Yahoo CEO Marissa Mayer followed up her controversial move to end working at home with a tone deaf one of building a nursery at her office, showing that the change is much easier if you're rich.
Marissa Mayer has started her tenure as Yahoo CEO with a pair of controversial moves. PHOTO: Jolie O'Dell, CC licence.
Yahoo's new CEO is willing to be bold and do what will initially be unpopular, but her latest move might not be so much bold as tone deaf or even classist. Mayer made headlines early in her tenure as Yahoo CEO by announcing that all employees will have to come into an office or find a different job. There was a predictable amount of grumbling about that, but it is a defensible move for the health of the company. What Mayer has to understand in making such a move is that people, especially parents, have built a certain lifestyle around the fact that they can work from home, and so the shift won't be easy for them. In fact, Mayer herself was six months pregnant when she took the CEO reigns, and so she can make a good case that she understands the plight of the working mom, but she is leading by example.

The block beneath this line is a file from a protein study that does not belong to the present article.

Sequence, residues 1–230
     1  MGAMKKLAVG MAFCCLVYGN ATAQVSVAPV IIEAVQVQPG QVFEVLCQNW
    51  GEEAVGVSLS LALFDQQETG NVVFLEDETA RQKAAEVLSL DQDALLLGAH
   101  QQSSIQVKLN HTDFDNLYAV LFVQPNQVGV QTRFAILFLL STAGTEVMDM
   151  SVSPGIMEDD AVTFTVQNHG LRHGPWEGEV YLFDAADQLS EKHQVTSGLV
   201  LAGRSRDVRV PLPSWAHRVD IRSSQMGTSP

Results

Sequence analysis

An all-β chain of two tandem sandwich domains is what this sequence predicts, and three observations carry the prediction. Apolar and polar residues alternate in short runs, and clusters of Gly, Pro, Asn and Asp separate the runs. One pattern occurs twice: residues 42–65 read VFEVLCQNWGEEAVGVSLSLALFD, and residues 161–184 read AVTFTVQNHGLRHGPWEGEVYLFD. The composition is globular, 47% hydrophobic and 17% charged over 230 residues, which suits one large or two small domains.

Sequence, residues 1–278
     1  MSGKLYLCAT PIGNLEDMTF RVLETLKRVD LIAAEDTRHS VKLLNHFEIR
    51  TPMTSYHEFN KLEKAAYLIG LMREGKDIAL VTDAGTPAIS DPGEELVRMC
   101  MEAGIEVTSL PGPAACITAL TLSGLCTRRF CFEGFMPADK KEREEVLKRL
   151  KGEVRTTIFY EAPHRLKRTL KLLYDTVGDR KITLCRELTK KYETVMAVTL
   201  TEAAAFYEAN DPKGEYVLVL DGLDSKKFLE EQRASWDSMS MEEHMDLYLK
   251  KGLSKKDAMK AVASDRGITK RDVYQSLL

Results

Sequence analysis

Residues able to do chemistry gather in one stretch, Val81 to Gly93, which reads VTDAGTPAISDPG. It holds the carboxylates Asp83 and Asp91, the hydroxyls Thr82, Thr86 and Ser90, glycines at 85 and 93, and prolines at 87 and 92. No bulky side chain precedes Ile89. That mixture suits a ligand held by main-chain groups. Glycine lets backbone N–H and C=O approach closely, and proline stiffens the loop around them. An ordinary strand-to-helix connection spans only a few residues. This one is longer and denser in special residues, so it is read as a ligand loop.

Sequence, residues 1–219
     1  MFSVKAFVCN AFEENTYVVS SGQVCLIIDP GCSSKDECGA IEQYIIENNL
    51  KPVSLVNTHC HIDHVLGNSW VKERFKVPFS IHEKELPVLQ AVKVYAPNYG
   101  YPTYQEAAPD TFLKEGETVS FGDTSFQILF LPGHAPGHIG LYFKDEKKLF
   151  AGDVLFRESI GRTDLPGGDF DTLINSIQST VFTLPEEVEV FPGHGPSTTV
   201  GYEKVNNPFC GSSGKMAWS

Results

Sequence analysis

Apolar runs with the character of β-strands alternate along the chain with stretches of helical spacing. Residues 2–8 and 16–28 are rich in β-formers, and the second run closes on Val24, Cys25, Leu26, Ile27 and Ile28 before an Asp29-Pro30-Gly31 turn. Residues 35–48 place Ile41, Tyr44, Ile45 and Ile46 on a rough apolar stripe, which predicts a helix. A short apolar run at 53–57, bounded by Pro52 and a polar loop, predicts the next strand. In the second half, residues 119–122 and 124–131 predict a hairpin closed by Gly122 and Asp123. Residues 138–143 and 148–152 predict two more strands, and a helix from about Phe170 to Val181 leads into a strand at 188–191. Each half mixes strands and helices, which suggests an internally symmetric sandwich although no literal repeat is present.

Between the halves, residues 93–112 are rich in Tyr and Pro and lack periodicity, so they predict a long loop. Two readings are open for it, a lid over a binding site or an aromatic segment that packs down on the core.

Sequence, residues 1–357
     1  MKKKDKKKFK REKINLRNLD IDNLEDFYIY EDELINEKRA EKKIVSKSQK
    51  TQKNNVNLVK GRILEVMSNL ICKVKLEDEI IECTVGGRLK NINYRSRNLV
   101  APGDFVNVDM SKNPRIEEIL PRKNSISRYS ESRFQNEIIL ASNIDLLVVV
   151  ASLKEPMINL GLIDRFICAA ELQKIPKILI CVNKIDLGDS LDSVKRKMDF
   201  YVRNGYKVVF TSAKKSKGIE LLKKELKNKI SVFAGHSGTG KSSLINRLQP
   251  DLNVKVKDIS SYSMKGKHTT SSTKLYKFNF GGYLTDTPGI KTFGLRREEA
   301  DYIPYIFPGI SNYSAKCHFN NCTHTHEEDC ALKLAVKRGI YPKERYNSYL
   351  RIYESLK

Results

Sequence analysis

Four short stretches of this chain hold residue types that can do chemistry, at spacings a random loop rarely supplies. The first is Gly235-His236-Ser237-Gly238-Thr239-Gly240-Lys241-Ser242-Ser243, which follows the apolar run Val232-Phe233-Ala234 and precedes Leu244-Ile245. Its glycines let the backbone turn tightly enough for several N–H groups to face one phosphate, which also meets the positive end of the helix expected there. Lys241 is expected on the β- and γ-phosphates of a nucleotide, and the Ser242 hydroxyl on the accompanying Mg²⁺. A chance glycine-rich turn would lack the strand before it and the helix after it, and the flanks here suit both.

Which is why the optics of building a nursery next to her office are really bad. There is really no better way to drive home the point that what Mayer is asking her Yahoos (what Yahoo employees call themselves) is a lot easier if you are making, say, $17 million a year (Mayer's salary). Again, ending the working from home policy is debatable, but Mayer has a case there, but building the nursery underscores that the toll this move takes hits her lowest-paid employees the hardest.
Maybe doing three days in the office, two days flexible would provide most of the benefits of having everyone come in every day, and keep people fresher and happier.